This review was first published in Notes from the Underground.
Joe Meno describes his fifth novel as “an argument on behalf of complexity”. It is a curious, albeit common, challenge for a writer to set himself: to write a book that is not neat and contained like traditional narratives but reflects more accurately the cloudy corners of real life. With this perspective, Meno is naturally disinclined to respect politicians like George W. Bush who famously traded on simplicity and binary opposites. Bush’s style is the very genesis of The Great Perhaps: inspired by Bush’s re-election in 2004, the novel attempts to deconstruct the fear of complexity pervading America at that time. In this way, for example, Meno cannily exposes the foolishness of arguing the merits of war on a bumper sticker .
The politics of simplicity is the book’s most powerful and moving aspect, represented most poignantly when 14-year-old Thisbe announces to her Democrat family that she prefers Bush because John Kerry’s “answers are too long”.
The five characters who make up the book’s family each come to realise that they have viewed the world too simply, and that its grey moments are just as valuable as all the others. Meno’s is therefore a legitimate argument, and a shrewd slice of sociology. But it’s not always successfully constructed. Even by the end, the characters fall into the traps they have just discovered, as they refer to the world in the binary opposites they know are flawed. While they watch the election unfold, the parents clearly consider themselves opposed to Bush – and yet we never find out exactly why they support Kerry, or where on the wavy political spectrum they sit.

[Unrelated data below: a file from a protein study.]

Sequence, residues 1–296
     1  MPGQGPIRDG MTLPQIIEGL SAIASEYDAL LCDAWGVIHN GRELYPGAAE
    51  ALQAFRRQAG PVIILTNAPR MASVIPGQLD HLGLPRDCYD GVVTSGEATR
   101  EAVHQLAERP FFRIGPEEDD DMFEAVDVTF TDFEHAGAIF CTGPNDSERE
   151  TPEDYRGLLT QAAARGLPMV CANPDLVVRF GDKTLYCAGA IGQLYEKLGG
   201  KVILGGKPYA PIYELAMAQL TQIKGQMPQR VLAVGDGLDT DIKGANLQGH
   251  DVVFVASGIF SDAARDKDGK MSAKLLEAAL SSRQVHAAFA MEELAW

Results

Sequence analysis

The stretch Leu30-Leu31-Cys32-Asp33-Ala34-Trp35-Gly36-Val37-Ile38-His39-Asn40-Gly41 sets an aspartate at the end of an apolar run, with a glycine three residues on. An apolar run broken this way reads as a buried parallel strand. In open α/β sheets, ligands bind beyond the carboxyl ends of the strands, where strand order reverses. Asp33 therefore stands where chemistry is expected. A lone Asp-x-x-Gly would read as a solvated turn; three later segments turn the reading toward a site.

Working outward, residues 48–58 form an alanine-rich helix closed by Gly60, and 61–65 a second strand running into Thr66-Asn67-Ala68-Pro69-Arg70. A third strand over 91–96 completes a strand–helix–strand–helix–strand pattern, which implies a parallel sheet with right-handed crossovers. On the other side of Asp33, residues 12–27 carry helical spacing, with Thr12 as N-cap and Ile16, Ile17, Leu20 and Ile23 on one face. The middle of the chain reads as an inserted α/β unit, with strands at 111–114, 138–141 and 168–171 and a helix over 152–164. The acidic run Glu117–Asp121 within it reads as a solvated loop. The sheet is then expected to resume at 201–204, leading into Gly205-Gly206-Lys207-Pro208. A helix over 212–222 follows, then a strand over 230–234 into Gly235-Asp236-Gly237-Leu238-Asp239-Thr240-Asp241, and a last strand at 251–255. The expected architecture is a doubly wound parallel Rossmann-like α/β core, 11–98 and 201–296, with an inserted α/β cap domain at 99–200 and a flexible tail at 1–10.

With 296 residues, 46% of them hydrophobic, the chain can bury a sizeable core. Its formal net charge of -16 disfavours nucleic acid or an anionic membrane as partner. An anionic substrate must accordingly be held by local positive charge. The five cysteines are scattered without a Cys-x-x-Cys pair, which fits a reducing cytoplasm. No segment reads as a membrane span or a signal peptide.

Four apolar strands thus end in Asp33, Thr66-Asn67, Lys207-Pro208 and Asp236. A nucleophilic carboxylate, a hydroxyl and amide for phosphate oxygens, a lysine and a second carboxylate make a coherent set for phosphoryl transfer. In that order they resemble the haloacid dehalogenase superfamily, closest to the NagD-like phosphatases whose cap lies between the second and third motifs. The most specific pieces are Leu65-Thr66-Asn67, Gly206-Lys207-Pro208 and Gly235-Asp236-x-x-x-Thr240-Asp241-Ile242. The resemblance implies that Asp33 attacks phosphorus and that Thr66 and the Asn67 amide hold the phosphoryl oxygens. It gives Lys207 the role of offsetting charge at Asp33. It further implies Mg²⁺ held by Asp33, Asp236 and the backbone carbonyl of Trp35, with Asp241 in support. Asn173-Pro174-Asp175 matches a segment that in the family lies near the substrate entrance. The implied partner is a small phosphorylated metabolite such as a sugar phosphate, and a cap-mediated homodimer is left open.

The story itself is complex: it combines the lives of five unique, individual characters living separate lives despite sharing genetic information. Meno even crafts the novel with different devices as a way of making it seem like the experience of life itself: a bombardment of forms and styles. It’s not a bad idea: different people see the world in very different ways. And Meno’s good humour shines through as he writes Thisbe’s awful, teenage prayers, Amelia’s horrendous anti-capitalist diatribes and Jonathan’s academic abstract-style thoughts. But while the experience of reading them is for the most part enjoyable, it is also simplistic and even crude. It is surprising that a writer who talks about and teaches craft would settle for it. The characters could arguably have been stronger without it: if Meno is entirely comfortable writing internal struggles he should not have to rely on such gimmickry.
Perhaps ‘gimmickry’ is unfair: after all, the characters are fun. It is always enjoyable to read non-heroes: bad tempered kids and professors who know nothing of the real world. The book will certainly make you smile: you’ll feel happy to know these characters, like faulty friends who you love anyway. The grandfather is the weakest character of the piece. To some extent, Meno makes a rod for his own back with this character. As he is mostly silent, confused and swimming in his memories, it is hard to see the old man clearly and it is even harder to grasp what he represents and why he drives the story forward. But perhaps, as Meno would say, that’s life.